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Has anyone developed an intolerance for red meat?

Discussion in 'Addressing Biotoxin, Chemical & Food Sensitivities' started by wciarci, Apr 14, 2010.

  1. IntuneJune

    IntuneJune Senior Member

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    NorthEastern USA
    Wendy, not to worry

    Funny, while you were posting, I was sitting in my family room with my neighbor talking about nature and how cruel nature is. She and I are both animal lovers, she had seen something that upset her today at work and she came by for a minute.

    With regards to your diet, I think it is a good idea to take a look at it with fresh eyes. Eliminating trigger foods helped me a great deal, but initially, 30 years ago, I had help with the allergist diagnosing properly some of my problem foods.

    Eating simple basic foods is a good place to start, although if it is gluten you are after, one must be a very, very good detective.

    It is well-documented those with our problems usually also have food issues. I don't believe the foods are the root of our problem, but if our bodies are having a hard time with certain foods, certainly avoiding them would lighten the burdeon.

    June
     
  2. Victoria

    Victoria Senior Member

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    Well said, June,

    I would like to add that I find a need to make subtle changes to my diet from time to time - too much of the one food can trigger sensitivities (that you were not aware of in the past).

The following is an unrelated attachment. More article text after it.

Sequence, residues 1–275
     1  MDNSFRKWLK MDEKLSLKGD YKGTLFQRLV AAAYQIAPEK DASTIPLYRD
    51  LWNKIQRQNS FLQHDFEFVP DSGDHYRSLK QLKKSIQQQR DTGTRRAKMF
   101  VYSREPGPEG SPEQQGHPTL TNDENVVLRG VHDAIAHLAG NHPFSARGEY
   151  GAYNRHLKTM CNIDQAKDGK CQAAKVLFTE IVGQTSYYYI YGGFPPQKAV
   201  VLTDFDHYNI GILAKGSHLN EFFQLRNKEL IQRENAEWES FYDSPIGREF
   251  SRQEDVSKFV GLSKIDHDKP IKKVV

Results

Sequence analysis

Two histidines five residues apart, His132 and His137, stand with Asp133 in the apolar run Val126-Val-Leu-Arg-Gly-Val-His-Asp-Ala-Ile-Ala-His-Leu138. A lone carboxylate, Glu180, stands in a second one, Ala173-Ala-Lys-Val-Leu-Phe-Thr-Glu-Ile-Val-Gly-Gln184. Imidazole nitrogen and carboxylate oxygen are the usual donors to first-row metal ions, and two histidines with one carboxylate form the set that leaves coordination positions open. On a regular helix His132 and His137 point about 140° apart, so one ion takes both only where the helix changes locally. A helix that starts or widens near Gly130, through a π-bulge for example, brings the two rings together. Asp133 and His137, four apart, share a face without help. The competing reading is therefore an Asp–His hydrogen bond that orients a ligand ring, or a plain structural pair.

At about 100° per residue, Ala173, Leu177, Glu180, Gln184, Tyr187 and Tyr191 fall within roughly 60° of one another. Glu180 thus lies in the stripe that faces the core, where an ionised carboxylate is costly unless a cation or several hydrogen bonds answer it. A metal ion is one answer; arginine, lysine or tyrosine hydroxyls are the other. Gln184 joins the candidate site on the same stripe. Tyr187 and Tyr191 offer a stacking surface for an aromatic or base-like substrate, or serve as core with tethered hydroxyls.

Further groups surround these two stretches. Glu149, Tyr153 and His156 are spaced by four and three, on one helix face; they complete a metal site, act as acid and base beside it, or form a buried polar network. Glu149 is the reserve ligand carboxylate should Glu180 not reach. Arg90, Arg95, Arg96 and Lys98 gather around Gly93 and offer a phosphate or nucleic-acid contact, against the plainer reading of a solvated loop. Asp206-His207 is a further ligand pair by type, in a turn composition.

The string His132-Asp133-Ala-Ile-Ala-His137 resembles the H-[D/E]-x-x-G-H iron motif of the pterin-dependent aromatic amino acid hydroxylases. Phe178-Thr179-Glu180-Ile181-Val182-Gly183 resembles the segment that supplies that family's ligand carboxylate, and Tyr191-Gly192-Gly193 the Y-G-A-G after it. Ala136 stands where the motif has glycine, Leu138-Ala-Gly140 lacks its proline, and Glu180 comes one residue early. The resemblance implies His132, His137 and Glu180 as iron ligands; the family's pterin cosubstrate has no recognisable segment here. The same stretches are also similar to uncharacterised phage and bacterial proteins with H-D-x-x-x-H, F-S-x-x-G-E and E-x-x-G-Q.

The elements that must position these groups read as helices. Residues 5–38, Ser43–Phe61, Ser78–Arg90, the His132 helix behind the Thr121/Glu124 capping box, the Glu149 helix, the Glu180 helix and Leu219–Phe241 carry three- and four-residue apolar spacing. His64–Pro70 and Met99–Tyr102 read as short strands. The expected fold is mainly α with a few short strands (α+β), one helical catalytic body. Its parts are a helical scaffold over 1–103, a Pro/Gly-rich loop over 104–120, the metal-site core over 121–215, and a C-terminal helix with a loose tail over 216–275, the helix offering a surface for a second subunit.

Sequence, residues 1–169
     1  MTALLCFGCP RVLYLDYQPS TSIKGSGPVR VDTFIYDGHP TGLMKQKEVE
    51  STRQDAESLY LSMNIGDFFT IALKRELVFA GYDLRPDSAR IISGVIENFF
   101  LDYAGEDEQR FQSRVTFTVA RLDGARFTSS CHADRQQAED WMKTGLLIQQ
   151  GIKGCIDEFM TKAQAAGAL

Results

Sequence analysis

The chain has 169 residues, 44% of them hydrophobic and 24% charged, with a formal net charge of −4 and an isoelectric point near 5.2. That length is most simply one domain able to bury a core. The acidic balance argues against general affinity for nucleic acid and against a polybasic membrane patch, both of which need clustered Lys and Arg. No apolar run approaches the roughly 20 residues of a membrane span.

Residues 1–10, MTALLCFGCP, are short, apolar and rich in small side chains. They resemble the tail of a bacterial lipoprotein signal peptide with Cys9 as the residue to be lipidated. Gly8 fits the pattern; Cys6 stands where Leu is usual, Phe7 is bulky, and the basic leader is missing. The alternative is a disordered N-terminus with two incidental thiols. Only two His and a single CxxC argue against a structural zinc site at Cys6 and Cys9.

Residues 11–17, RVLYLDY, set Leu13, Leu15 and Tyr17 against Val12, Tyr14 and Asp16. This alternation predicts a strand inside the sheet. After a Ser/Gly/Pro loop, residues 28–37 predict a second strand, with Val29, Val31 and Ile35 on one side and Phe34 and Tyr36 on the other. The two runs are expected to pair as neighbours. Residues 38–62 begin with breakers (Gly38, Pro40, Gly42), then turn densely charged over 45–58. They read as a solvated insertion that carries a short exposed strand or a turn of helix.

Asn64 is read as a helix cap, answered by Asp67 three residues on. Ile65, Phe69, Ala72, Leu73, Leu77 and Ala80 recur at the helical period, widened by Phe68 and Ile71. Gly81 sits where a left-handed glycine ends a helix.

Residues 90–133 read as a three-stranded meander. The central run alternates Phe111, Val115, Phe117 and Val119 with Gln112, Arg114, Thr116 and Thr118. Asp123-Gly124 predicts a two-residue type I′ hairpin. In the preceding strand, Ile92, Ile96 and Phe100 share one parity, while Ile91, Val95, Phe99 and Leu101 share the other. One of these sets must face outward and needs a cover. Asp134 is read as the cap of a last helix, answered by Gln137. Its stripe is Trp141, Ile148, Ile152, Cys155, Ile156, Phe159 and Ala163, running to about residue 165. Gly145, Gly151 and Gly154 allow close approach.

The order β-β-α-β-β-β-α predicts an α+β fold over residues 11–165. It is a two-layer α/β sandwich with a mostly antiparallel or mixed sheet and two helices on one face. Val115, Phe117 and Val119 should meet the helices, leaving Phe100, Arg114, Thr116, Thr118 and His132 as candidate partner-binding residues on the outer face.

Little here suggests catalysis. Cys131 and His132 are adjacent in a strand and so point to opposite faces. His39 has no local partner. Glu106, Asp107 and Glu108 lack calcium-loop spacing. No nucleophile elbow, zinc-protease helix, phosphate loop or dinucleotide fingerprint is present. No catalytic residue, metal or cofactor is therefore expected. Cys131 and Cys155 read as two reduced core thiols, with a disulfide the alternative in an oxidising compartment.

3. wciarci

    wciarci Wenderella

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    Connecticut
    Thanks Intune, Vikkie, I really have to do something, as I have had one meal today and have spent most of the day on the loo. This has got to stop. If only I can remember this tomorrow! Actually a friend of mine at school is a raw foodist and has started his own business making lunches, dinner etc. I think I'll start with him (easier), until my strength returns. There is no way I can go shopping right now.

    XX Wendy
     
  4. Victoria

    Victoria Senior Member

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    Interesting that you should mention "raw foodist", Wendy,

    I used to eat mainly raw food all through the summer many years ago (as many Australians do - we love our salads in all shapes & forms).

    I often wonder if that was how I picked up the Blastocystis Hominus parasite infection 7-8 years ago - not washing the raw cabbage & lettuce greens properly. Which in turn contributed to my diarrheoa & IBS symptoms. I rarely have raw food now - cooked food seems to be easier on the digestion.

    No way to know for sure, of course.
     
  5. wciarci

    wciarci Wenderella